full-bridge rectifier as can be seen from Fig. 21. This helps in reducing the effect of the losses which occur when diode non-idealities are introduced. When these same measurements were
done with on-chip diodes (
V) as shown in Fig. 21(b),
the improvement in power extracted on using a bias-flip rectifier
increases to above 8X compared to the full-bridge rectifier.
Fig. 22 shows measured waveforms of the voltage at one end
of the shared inductor
when accessed by the buck converter followed by the boost converter. When ACK BUCK is
high, the buck converter uses the inductor. It turns its pMOS
power transistor ON first followed by its nMOS power transis-
RAMADASS AND CHANDRAKASAN: AN EFFICIENT PIEZOELECTRIC ENERGY HARVESTING INTERFACE CIRCUIT
203
use. The DC-DC converter achieves an efficiency of around 85%
across the voltage range when handling a current of only 20 A.
At the lower values of
, the efficiency is primarily limited by switching losses and at the higher values, by conduction
losses. The inductor sharing approach leads to a compact system
with only a small drop of (2–3%) in efficiency. On connecting
the rectifier to the buck DC-DC converter and using a 47 H inductor, a total output power of 32.5 W is obtained at the storage
capacitor
. This power output is after taking into account
the efficiency of buck and boost regulators and the power consumed by the control circuitry which is less than 2 W.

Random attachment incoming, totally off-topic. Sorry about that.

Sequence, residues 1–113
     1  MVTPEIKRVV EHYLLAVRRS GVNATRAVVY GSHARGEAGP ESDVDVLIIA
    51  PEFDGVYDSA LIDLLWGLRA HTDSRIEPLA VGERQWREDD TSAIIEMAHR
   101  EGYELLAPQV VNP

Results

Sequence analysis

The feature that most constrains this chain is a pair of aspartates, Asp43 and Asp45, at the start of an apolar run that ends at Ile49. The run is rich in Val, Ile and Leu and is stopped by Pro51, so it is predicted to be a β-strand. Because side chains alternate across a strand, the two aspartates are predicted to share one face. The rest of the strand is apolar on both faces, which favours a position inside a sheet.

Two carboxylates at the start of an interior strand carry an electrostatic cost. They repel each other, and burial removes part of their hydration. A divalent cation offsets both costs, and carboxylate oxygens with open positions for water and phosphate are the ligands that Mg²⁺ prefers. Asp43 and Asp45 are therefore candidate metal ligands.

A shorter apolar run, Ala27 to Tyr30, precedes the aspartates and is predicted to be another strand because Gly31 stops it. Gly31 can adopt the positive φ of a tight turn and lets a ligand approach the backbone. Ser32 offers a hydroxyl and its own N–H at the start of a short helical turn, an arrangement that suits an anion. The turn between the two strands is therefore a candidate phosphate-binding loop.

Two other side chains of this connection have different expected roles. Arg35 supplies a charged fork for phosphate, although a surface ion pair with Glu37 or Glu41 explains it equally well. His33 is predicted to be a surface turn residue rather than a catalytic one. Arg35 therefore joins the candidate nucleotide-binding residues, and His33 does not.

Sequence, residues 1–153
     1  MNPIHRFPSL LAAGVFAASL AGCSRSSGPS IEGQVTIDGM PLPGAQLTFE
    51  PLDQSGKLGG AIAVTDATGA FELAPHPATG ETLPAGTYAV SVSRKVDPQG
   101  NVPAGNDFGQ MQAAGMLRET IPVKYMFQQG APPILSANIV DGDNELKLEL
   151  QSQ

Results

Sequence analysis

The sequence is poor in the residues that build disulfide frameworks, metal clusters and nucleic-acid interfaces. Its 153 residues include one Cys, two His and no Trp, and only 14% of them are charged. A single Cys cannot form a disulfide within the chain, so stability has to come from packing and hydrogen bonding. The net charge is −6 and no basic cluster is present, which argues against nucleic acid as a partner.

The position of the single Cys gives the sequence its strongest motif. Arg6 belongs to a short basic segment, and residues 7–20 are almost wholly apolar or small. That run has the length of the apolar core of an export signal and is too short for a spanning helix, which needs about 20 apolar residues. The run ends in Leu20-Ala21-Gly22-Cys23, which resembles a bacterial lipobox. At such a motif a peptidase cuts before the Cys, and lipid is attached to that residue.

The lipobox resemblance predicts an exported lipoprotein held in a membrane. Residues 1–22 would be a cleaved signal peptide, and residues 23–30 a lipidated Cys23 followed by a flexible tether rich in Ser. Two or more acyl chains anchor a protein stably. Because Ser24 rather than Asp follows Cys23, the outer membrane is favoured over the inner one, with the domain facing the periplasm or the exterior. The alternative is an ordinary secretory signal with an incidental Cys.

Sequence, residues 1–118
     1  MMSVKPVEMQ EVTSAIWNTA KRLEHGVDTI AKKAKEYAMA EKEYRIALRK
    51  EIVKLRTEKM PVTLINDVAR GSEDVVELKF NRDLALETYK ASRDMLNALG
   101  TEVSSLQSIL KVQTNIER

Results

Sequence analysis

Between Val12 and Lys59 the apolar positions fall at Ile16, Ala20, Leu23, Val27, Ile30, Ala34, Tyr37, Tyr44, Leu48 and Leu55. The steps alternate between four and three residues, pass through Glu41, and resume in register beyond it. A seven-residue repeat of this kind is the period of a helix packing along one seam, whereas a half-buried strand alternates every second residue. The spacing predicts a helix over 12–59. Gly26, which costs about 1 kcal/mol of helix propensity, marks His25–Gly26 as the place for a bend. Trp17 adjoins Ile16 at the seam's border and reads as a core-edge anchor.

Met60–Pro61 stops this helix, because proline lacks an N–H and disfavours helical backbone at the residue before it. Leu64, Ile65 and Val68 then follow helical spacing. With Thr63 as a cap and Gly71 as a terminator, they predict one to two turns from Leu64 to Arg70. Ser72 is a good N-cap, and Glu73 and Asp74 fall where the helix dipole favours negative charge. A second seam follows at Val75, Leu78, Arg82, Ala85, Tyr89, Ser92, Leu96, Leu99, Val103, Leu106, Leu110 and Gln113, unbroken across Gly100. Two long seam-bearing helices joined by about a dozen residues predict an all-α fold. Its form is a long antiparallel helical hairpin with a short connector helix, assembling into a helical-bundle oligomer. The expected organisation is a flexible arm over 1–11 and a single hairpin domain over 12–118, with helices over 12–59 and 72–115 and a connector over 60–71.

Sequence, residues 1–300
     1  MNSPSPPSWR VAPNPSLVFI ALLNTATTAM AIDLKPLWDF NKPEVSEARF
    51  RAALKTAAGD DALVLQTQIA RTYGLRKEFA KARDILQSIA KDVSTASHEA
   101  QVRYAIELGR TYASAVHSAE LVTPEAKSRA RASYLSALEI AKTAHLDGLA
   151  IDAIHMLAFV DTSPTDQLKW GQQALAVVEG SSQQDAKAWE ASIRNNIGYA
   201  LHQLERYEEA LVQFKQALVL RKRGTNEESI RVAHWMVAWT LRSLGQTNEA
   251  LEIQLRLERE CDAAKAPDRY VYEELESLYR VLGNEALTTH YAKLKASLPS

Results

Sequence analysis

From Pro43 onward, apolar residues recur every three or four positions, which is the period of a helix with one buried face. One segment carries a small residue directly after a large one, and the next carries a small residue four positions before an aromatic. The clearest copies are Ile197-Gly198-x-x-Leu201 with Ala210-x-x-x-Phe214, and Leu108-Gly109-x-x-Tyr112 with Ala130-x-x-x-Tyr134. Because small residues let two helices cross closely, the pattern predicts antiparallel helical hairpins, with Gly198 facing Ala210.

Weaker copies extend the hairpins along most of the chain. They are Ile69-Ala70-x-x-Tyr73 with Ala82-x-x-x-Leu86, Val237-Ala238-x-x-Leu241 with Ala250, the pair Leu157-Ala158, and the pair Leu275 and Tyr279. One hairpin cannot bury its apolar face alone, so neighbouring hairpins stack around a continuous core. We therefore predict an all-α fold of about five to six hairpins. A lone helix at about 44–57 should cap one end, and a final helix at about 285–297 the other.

XI. CONCLUSION
Fig. 22. Measured waveform of the voltage at one end of L
strates inductor sharing.
that demon-
This paper has identified problems that exist with the rectifier schemes that are commonly used to extract power out of
piezoelectric energy harvesters. Mathematical expressions for
the power extractable using different rectifier schemes were
presented and they match well with simulated and experimental
results. New rectifier designs were introduced that can improve
the power extracted from piezoelectric harvesters by greater
than 4X compared to commonly used full-bridge rectifiers
and voltage doublers. In systems where it is prohibitive to use
an inductor to improve power output, a switch-only rectifier
scheme was proposed that could improve the extracted power
by 2X with the help of a simple switch. The inductor used by
the bias-flip rectifier was shared efficiently with a multitude of
DC-DC converters used within the system leading to a compact
and cost-efficient solution. A complete power management
solution which includes the rectifiers and DC-DC converters
was provided.
REFERENCES
Fig. 23. Measured efficiency of the buck converter with the shared inductor.
tor. The node voltage at the left end of
reflects this
by going close to
when the pMOS is ON and being
close to 0 when the nMOS is ON. Once both the power transistors are OFF, the buck converter releases the inductor which